If it wasn't such a game of expectations, Wall Street would be honoring Apple (AAPL) today and its stock would be soaring in the wake of another quarter of record sales and earnings. However, falling short of expectations in the investment world is like stepping out of bounds by only an inch, nullifying an incredible catch in football.
While CEO Tim Cook described Apple's results as "extraordinary" on the company's conference call late yesterday, the simple fact remains that by several key measures the company grew less than analysts expected. The disappointment is tangible, triggering a sell-off that's taken the stock to levels not seen in a year. But it is also tempting, given that shares are now down 35% from their all-time high of $705 hit just four months ago.
"I think you got to hold your nose and buy here," says Eric Jackson, founder of Ironfire Capital. "In the past, when Apple has gone on runs, it usually comes when there's this mass negativity in the air like there is now."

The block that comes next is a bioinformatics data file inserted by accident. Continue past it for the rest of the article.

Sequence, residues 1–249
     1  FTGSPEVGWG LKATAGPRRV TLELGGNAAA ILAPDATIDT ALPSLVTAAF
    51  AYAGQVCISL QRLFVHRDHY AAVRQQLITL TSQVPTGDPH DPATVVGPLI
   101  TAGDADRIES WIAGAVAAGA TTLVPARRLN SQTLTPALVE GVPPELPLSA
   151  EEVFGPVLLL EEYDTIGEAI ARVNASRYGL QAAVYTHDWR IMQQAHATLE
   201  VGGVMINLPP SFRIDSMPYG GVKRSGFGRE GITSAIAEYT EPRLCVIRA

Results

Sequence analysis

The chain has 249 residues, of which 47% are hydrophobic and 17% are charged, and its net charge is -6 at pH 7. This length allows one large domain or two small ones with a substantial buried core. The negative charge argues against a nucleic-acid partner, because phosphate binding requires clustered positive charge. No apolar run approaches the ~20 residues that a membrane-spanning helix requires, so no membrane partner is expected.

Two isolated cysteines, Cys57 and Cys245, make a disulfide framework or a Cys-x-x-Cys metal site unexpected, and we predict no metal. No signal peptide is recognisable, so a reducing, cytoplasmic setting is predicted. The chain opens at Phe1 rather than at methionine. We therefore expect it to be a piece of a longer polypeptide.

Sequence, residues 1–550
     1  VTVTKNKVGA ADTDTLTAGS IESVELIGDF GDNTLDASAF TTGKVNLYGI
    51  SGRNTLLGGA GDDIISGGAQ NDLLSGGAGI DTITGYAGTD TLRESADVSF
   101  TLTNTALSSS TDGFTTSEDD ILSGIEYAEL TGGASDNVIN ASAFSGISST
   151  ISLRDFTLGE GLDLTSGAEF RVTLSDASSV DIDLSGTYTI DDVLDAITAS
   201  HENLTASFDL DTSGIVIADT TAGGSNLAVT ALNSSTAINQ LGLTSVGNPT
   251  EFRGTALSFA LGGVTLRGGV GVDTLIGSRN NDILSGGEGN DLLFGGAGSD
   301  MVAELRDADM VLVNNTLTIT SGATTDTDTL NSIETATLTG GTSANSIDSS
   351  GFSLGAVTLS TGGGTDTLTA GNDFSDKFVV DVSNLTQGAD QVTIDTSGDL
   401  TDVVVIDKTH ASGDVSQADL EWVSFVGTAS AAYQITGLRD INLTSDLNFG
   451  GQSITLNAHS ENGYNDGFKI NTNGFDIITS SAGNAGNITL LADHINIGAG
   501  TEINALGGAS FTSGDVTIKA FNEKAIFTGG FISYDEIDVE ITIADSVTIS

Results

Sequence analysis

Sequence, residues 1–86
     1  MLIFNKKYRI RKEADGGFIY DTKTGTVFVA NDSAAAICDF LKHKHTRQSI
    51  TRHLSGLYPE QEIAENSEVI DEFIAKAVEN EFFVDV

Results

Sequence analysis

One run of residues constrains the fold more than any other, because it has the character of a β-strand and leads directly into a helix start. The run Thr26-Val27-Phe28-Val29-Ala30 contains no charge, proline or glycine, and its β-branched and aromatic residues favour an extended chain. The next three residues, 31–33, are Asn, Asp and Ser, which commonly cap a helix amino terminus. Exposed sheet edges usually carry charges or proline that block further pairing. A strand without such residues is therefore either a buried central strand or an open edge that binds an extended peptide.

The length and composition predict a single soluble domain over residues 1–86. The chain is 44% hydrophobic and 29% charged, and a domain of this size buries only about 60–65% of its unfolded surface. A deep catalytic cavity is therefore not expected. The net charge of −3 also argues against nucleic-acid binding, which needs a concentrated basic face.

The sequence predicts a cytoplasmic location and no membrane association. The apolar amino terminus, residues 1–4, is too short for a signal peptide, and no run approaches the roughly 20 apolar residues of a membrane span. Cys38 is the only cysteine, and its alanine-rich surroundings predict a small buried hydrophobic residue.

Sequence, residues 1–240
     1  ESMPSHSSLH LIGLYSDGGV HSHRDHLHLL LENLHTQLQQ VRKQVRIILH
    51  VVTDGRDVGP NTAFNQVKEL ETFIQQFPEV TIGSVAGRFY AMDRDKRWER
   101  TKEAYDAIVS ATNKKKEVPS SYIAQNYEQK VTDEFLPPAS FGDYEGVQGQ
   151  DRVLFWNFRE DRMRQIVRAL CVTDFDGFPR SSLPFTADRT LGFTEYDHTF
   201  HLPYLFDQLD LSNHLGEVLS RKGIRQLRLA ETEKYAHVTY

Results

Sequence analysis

Certainly, not everyone agrees with Jackson, as no less than six different analysts have cut their outlooks or estimates or price targets so far today, bringing the median price target down to $647 from $792 in a matter of months.
Jackson says the fear about Apple running up against "the law of large numbers" has been out there for about five years, but he concedes that he is ''just not in that camp" and would be looking to add to his position since the company continues to innovate and execute well. "What seems to happen with Apple is that we overshoot on our excitement on the upside and then conversely, when we worry about growth, they tend to overshoot on the downside."
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Another area where Jackson is out of sync with the masses is over the the company's $137 billion in cash. He points out that a growing number of Apple-watchers are starting to dismiss this money mountain from their valuations since they believe the company will never spend it. "I'm convinced that at some point they're going to use the cash for some kind of larger acquisitions than they've done historically."